The bacterial species Klebsiella may contribute to a dangerously high level of antibiotic resistance in Kenya, a recent study suggests.
Published in the journal PLOS ONE, the study is a collaborative effort between institutions including the US Naval Research Laboratory (NRL) and the Kenya Medical Research Institute (KEMRI).
In many developing nations, the occurrence of antibiotic resistance can be fairly high for several reasons, such as the overuse of antibiotics, which promotes the emergence of resistant bacterial strains, and inefficient infection control procedures.
After testing intestinal samples from healthy individuals and patients suffering from diarrhoea in Western and Central Kenya, the study found a startling number of resistance genes in Klebsiella pneumoniae and K. oxytoca isolates.
Klebsiella species can be commonly found in the intestines, where they co-exist with other commensal intestinal bacteria. As they have been shown to acquire and pass on antimicrobial resistance genes to other bacterial species, a concern is that these intestinal Klebsiella could act as a resistance ‘reservoir’.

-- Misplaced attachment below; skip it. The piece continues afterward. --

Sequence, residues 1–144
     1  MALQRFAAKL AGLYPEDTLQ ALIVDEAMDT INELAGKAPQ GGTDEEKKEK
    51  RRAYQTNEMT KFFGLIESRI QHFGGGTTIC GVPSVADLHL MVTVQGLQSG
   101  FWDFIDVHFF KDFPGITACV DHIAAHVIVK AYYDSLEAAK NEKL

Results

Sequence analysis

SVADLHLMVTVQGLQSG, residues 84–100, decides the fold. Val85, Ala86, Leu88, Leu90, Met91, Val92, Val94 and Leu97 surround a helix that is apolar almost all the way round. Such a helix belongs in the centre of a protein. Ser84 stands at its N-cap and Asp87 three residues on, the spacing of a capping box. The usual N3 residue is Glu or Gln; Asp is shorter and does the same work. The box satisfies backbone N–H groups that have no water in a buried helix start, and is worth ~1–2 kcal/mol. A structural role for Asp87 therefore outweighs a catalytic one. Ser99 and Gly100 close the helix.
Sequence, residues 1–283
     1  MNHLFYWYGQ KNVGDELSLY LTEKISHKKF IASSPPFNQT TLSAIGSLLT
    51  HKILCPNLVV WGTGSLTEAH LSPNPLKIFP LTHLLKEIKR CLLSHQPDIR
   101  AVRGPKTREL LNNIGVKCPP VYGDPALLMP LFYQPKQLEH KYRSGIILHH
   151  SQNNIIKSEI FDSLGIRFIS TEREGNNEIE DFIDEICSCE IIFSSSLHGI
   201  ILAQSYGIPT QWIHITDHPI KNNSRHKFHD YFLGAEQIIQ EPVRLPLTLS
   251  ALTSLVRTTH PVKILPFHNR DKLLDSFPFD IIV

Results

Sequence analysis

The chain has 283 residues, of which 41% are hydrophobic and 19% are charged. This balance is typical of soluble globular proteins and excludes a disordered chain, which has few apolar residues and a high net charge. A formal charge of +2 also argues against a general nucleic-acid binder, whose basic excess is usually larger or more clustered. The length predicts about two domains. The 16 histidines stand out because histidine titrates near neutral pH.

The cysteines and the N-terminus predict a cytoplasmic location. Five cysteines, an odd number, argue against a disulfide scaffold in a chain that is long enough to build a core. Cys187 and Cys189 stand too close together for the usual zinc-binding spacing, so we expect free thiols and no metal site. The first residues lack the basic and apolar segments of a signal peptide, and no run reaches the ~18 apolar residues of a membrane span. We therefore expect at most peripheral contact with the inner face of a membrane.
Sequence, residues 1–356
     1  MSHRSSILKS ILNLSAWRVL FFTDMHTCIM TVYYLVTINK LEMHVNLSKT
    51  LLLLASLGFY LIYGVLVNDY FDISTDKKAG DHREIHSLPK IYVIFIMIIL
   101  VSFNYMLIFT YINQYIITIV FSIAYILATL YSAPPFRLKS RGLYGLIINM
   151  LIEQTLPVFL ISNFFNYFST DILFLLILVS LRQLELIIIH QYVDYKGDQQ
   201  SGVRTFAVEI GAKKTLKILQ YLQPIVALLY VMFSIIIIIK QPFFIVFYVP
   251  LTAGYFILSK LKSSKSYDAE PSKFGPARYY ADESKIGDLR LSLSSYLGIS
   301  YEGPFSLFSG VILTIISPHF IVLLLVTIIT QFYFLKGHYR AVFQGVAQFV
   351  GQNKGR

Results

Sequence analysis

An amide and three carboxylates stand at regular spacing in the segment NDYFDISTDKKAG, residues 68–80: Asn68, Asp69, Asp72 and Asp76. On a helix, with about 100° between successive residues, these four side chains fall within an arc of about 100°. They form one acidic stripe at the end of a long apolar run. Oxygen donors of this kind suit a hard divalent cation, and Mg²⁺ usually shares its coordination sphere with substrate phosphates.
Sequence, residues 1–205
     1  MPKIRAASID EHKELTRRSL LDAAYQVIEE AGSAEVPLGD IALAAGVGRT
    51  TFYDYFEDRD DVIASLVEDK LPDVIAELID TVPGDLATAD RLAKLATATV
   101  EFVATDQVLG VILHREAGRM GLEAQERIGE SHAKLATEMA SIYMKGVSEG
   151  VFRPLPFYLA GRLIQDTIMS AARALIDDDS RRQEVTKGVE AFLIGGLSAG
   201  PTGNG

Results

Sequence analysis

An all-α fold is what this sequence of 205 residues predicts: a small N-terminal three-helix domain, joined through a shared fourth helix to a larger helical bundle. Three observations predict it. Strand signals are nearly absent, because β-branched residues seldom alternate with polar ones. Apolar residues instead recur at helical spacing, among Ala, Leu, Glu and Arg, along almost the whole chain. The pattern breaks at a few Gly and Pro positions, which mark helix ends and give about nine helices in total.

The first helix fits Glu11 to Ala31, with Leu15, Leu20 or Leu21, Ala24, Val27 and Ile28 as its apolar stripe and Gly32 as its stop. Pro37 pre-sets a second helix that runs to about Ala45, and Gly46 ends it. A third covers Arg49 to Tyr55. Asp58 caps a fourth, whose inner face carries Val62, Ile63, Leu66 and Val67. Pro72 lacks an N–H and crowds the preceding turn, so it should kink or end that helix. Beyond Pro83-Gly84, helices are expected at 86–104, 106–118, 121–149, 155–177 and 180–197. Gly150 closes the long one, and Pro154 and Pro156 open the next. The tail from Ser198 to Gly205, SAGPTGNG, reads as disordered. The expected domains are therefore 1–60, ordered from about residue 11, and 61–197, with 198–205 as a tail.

To examine this potential threat, the team obtained samples from eight different Kenyan medical clinics, and used these to isolate 90 Klebsiella strains. An NRL-developed microarray machine was used to identify genes which grant resistance to several key antibiotics, such as the aminoglycosides and macrolides.
It was found that 36.7% of the isolates were resistant to at least three of the antimicrobial classes, meaning that they would be considered multi-drug resistant. One isolate in particular showed extensive drug-resistance, with genes granting immunity to at least one agent in almost all classes.
Interestingly, the results showed that a significant number of isolates were resistant to tetracycline and trimethoprim/sulfamethoxazole (SXT), two drugs widely used in Kenya.
“These results suggest that there is a selective pressure for the establishment and maintenance of resistant strains,” said Dr. Chris Taitt, from the NRL Center for Bio/Molecular Science and Engineering. “This is potentially due to agriculture and prophylactic use of antibiotics, and further suggests the need for more effective public health policies and infection control measures than those currently implemented.”